The Packers' offense had a nice little tune-up for the playoffs on Sunday. [Ed. note - the Packers beat the Giants, 34-25.] The offense, at times, looked really sharp, with even the normally-missing-in-action Corey Bradford playing a big part (mostly because Antonio Freeman was held out of the second half with a rib injury). Ahman Green gained over 100 yards, Schroeder and Bradford each had over 100 yards receiving, and Favre had over 300 yards passing, 2 touchdowns, no interceptions, and one sack . . . sort of.

The defense was a little shakier. They gave up a ridiculous number of yards (524), including allowing the longest running play of the year for the Giants, and Ron Dayne's longest run of his NFL career (61 yards). On the other hand, it is hard to get too worked up about this, since for most of the game the Packers had the game pretty well in hand, and to that extent a lot of the yards were of the bend-but-don't-break variety. It looks like Gilbert Brown will be back for the playoffs, and man, oh man, is his presence needed to stop the running game.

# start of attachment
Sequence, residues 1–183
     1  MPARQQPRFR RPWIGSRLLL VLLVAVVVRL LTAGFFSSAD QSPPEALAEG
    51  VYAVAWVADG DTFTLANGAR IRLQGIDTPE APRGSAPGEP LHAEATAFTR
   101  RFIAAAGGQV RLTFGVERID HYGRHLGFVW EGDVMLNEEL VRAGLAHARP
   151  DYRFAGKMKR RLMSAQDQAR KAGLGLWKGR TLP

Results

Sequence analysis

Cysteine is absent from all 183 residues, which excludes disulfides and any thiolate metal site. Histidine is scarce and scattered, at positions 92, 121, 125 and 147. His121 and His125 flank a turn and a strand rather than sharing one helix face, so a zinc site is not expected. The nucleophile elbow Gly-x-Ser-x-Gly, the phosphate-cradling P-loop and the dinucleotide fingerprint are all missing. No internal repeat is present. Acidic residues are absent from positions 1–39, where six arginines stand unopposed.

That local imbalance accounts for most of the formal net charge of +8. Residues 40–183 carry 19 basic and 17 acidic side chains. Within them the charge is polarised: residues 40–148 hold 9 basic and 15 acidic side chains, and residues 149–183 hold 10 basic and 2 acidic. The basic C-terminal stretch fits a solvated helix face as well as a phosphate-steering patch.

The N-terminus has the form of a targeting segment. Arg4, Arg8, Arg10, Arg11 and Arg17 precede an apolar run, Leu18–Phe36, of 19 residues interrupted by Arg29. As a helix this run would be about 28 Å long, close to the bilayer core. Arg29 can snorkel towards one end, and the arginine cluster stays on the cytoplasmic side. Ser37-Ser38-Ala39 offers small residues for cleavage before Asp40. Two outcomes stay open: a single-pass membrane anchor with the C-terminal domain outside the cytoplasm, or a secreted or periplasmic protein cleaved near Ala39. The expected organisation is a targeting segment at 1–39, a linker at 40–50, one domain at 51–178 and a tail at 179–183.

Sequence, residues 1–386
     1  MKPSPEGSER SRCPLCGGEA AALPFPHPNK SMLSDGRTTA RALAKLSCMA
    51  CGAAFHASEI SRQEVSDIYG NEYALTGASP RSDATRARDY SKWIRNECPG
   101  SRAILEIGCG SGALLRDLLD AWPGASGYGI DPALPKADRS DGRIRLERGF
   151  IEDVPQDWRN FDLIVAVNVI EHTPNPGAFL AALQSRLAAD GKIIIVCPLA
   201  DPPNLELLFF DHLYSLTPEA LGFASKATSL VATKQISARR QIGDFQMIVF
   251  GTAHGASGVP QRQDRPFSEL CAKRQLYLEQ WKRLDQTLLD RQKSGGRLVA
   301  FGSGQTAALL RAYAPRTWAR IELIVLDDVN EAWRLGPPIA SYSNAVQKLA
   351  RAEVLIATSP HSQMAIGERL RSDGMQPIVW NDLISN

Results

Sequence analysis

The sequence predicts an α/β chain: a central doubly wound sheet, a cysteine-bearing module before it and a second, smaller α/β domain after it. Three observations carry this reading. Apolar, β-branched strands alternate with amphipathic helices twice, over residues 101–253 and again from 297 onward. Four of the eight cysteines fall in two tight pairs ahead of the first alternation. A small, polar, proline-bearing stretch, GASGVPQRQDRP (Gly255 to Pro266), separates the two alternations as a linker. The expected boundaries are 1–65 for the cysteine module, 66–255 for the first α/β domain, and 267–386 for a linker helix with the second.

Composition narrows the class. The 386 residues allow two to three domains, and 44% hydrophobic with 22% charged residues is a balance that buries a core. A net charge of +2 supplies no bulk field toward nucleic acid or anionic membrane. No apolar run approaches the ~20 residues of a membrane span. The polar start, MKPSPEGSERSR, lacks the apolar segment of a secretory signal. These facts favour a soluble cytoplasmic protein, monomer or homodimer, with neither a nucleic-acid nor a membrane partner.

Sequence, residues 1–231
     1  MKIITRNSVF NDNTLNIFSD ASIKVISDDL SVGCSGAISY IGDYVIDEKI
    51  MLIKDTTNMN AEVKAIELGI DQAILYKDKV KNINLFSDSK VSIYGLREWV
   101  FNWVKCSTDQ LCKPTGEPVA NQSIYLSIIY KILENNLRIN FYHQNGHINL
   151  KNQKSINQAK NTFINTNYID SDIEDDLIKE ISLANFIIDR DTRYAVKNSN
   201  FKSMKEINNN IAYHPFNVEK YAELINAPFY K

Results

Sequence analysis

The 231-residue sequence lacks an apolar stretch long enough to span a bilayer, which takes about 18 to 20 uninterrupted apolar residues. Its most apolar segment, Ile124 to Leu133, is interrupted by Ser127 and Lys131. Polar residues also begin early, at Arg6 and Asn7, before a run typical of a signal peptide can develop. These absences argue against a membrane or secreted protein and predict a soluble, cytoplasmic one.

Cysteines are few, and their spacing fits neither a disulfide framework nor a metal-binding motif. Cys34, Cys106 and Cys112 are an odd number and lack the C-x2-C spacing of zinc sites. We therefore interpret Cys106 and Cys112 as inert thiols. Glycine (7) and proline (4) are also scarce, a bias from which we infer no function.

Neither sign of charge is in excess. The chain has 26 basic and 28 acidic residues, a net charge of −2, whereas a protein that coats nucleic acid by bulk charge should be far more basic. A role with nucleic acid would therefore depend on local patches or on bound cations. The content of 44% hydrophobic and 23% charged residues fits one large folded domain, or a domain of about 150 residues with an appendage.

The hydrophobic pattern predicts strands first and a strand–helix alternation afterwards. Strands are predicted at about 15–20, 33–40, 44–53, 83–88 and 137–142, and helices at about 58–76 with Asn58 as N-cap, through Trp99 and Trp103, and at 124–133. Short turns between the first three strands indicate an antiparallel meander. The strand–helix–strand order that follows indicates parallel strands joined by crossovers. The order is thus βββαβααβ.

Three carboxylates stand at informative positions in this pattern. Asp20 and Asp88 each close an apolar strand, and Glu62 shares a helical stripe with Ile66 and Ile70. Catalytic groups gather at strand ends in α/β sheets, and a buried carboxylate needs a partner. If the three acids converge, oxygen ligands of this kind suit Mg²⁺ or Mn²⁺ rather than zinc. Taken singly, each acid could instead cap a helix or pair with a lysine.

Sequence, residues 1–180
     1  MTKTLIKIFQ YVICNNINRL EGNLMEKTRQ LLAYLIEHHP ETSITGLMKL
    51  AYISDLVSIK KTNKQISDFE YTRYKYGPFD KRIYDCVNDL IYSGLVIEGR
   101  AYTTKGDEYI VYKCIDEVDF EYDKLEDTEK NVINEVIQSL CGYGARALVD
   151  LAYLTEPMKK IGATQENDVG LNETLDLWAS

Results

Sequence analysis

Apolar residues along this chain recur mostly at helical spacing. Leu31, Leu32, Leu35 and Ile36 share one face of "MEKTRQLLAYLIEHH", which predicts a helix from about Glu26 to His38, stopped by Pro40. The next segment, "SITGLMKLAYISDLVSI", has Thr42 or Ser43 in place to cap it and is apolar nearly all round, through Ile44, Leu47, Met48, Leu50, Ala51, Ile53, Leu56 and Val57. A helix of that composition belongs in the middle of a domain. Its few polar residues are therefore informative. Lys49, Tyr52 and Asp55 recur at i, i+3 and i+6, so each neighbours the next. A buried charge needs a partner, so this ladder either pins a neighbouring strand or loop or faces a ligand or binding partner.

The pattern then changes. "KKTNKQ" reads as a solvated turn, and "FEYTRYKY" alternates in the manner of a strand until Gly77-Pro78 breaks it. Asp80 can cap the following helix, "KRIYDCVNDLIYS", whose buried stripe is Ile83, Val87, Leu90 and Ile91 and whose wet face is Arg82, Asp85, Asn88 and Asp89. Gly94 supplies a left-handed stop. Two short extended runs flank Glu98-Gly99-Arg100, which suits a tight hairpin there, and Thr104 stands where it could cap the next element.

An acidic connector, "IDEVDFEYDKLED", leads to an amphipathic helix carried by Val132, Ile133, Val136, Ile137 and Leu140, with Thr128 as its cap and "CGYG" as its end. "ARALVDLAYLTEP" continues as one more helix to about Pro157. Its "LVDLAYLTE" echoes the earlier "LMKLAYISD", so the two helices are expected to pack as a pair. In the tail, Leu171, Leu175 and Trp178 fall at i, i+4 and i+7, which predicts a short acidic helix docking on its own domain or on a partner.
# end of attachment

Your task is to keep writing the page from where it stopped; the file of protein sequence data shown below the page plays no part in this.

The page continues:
Even the special teams were productive. Dorsey Levens had the longest kickoff return of the year for the Packers (and his longest career kickoff return) in the first half, only to have an even longer one at the start of the second half. Not much punt return yardage for the Packers, but at least Freeman caught the ball this week instead of letting it bounce right by him as he did last week.